Apparently not this year! If the prices we have been seeing are any indication, keeping the bird feeders filled is going to be an expensive proposition. Prices on fifty-pound bags of sunflower seeds are several dollars more than we paid last year, and the price of cracked corn has increased even more than that. I don’t even want to think what the prices will be for something fancier, like thistle seeds. Only one of the stores had any suet… a single, rather miserable looking piece that cost over three dollars. The birds will like it, though. Once it gets really cold and we have a lot of snow, the number of birds we feed can be quite astonishing, so we’re really hoping we’ll be able to find some better prices somewhere. At least the feeder itself was frugal!
Blue jay (Cyanocitta cristata)
We made this bird feeder a couple of years ago after the squirrels ruined two beautiful redwood feeders in one week. We were hoping to come up with a squirrel-proof design, and we used old pieces of plastic and wood, and even screws and nails that were left over from other projects, because we didn’t think we would be successful and we didn’t want to spend money on materials for another feeder just so the squirrels could destroy it. We had already purchased a variety of supposedly squirrel-proof bird feeders that never kept the squirrels away for more than a short time, so it was a huge surprise when our squirrel-proof design actually worked.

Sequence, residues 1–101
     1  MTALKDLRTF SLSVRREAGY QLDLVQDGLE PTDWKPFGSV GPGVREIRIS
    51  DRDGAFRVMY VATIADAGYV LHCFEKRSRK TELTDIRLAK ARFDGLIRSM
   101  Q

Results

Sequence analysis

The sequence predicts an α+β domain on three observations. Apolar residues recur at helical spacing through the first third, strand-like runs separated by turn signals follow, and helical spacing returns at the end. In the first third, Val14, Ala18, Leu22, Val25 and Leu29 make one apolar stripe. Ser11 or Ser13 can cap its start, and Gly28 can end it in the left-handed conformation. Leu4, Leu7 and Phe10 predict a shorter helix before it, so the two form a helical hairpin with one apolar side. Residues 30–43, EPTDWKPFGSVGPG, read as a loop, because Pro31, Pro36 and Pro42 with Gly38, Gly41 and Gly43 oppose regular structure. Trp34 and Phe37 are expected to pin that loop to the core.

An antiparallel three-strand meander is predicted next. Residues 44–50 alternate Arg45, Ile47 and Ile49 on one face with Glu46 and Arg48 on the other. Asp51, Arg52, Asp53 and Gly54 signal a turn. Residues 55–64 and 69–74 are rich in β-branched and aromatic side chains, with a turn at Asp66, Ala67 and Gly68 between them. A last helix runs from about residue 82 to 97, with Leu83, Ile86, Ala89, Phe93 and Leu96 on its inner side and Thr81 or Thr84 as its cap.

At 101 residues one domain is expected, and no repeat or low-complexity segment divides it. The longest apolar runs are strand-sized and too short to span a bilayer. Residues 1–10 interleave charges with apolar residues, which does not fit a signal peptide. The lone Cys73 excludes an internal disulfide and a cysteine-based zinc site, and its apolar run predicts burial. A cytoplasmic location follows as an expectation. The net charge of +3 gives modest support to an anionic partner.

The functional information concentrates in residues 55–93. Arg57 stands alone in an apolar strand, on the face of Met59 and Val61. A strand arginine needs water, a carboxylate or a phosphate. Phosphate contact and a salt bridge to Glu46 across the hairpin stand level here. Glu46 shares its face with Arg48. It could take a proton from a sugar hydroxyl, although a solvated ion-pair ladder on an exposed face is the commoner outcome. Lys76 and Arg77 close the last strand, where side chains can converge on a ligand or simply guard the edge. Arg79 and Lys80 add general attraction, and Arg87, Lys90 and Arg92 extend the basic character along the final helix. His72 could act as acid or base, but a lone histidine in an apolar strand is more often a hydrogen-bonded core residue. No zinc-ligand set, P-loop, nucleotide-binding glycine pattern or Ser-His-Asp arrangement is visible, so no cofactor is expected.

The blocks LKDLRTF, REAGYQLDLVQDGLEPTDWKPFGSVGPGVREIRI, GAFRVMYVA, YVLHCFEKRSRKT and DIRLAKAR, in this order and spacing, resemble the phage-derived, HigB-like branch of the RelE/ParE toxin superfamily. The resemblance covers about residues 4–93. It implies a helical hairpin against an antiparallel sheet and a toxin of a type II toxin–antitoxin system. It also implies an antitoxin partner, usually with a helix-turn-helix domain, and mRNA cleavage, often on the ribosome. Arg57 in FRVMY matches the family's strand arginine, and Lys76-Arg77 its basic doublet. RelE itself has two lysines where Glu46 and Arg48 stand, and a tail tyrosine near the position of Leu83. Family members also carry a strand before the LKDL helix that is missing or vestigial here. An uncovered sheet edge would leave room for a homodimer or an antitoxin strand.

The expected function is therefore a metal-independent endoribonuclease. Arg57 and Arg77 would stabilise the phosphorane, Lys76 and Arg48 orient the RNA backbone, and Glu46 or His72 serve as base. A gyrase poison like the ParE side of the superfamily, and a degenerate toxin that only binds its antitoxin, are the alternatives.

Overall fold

The secret to the success of this feeder is the deep plastic “skirt” that surrounds the feeding tray and the way the skirt is attached to the tray. The squirrels can’t squeeze under the plastic, and they can’t get past the plastic, so they have no choice except to go back down the pole and eat the seeds and corn we have left for them on the ground under the feeder… all the while letting us know how angry they are with their constant scolding noises and twitching tails.
We moved this squirrel-proof bird feeder yesterday back to its winter home just outside a dining room window, and a huge number of birds moved with it. It was hilarious, because the birds were so impatient they were eating from the tray and landing on our heads even as we were trying to get the feeder in position on the pole. All day today there has been a steady parade of chickadees, bluejays, flycatchers, phoebes, nuthatches, and sparrows. The more timid birds will probably take a day or two to get used to the different location… or maybe it is still a bit early for them. What we have not had in the feeder AT ALL are squirrels and chipmunks.
One more thing I like about this feeder is its size. I have read in many bird books that doves will only eat on the ground, but the doves that come here eat right from the feeder. The tray is large enough so the mourning doves actually get into it to eat. Last year there would be three or four doves standing and eating in the tray and at least that many waiting on the feeder roof, while others waited on tree branches nearby. It’s a very popular place to eat!